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UMSC 1124 CHEMISTRY LABORATORY I

Experiment No :6

Title : Acid-Base Titration: Determination Of The Percentages (%) Sodium Carbonate


(Na2CO3) and Sodium Hydroxide (NaOH) in a Mixture By Using
pH Meter.

Name : Ong Boon Hooi

ID No : 09ALB03481

Name of partner : Saw Ai Ling & Wan Sher Teen

Date of Experiment : 24/06/2009

Semester : June 2009

Name of lecturer : Ms. Chang Chew Cheen


Title

Acid-Base Titration: Determination Of The Percentages (%) Sodium Carbonate (Na2CO3)


and Sodium Hydroxide (NaOH) in a Mixture By Using pH Meter.

Objective

To determine the respective weight percent of sodium carbonate (Na2CO3) and sodium
hydroxide (NaOH) in a mixture by using pH meter to detect the equivalent points.

Introduction

A pH meter is used in the acid-base titration to determine the total alkali (Na2CO3
and NaOH) present in the sample solution. Using this technique, unknown concentration of
sample solution is place into the conical flask and titrates with HCl which place in buret. The
change of pH from the pH meter will be recorded and the curve of the titration can be drawn.
From the observation of the graph it will shows that there will be a drastic change of Ph when it
reach its equivalent points.

There is an amount of acid needed for first stage and second stage for the reaction with
the sample solution. Hence, the percentage of the bases in the mixture can be determined.\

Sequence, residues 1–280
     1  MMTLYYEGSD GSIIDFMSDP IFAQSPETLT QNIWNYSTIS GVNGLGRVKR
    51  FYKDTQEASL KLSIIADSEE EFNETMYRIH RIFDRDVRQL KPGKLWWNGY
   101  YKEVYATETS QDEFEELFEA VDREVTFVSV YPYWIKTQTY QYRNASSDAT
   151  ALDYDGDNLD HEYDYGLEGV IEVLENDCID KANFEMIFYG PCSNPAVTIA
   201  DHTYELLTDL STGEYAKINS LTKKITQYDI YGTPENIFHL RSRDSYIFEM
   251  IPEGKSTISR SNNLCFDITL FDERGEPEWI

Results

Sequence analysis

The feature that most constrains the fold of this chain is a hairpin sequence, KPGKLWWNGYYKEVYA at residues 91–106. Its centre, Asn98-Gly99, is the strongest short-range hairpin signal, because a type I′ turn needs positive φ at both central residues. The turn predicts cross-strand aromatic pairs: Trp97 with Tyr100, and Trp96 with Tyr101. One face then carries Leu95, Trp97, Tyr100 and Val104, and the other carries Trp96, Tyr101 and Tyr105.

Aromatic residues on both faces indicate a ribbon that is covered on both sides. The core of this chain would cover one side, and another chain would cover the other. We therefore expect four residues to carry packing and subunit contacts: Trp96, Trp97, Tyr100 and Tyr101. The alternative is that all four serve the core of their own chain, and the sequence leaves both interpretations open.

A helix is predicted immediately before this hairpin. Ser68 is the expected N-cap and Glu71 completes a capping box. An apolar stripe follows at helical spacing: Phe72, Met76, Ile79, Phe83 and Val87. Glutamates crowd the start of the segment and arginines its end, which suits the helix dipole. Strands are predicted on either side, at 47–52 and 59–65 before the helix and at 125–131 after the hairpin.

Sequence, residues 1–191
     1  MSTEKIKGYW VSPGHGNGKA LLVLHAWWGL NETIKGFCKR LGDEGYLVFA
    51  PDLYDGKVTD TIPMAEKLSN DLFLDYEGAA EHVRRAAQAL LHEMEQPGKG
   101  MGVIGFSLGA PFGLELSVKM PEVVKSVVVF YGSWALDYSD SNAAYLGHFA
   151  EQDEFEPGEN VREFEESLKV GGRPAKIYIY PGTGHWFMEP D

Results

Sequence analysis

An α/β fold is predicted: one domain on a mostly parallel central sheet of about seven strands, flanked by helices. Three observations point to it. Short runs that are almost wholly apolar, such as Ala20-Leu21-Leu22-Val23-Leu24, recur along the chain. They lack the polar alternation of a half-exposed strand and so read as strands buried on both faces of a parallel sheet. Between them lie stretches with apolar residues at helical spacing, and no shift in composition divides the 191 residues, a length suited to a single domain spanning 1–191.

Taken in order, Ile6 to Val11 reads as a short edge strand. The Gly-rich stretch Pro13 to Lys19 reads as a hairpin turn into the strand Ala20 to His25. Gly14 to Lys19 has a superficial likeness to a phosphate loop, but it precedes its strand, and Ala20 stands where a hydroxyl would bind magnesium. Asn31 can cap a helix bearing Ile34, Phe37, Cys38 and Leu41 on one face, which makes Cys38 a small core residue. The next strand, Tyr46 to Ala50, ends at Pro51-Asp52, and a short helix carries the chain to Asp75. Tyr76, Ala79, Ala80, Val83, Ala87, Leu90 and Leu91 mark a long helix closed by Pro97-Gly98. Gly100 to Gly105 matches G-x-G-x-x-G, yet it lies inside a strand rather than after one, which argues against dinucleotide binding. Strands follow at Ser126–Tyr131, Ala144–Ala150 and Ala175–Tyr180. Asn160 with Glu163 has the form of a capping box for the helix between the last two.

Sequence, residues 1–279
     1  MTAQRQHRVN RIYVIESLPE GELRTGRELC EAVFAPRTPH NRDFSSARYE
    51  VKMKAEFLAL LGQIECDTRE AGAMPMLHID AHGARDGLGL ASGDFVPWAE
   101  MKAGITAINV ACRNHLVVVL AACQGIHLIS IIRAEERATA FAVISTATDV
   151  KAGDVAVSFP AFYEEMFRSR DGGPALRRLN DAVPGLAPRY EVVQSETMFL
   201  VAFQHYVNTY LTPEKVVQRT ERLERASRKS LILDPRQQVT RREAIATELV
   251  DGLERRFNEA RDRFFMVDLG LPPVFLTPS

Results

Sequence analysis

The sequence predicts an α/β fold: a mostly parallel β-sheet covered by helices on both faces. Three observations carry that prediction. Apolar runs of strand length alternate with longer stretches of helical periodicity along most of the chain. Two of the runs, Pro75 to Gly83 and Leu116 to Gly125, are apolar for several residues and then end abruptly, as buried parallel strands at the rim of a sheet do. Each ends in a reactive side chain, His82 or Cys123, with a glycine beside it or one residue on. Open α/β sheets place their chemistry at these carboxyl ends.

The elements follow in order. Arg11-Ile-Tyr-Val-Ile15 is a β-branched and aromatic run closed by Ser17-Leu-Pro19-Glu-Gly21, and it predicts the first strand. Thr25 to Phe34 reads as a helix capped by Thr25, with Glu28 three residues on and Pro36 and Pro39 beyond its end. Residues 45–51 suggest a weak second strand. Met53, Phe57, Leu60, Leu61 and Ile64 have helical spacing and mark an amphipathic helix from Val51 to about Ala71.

Materials
0.1M hydrochloric acid

Sample solution which contains of 5g in total weight of Na2CO3 and NaOH in


1000cm3 solution.

0.1M barium chloride solution

pH meter

Methodology

Part A

Titration 1

25cm3 of the sample solution is pipetted into conical flask.

The electrode of the pH meter is inserted to the conical flask to determine the pH of the
solution.

0.50cm³ of 0.1M HCl was titrated into the conical flask.

The electrode is then been inserted again to determine the pH.

The pH reading is recorded.

A titration curve of pH versus amount of acid added into the sample is plotted.

Equivalent point can be found from the graph plotted.


Result

Initial reading (cm3) pH Amount of HCl added (cm3)

8.5 12.18 0.0

9.0 12.05 0.5

9.5 11.96 1.0

10.0 12.09 1.5

10.5 12.15 2.0

11.0 12.03 2.5

11.5 12.00 3.0

12.0 11.96 3.5

12.5 11.88 4.0

13.0 11.95 4.5

13.5 11.89 5.0

14.0 11.74 5.5

14.5 11.83 6.0

15.0 11.82 6.5

15.5 11.84 7.0

16.0 11.73 7.5

16.5 11.58 8.0

17.0 11.39 8.5

17.5 11.18 9.0

18.0 10.99 9.5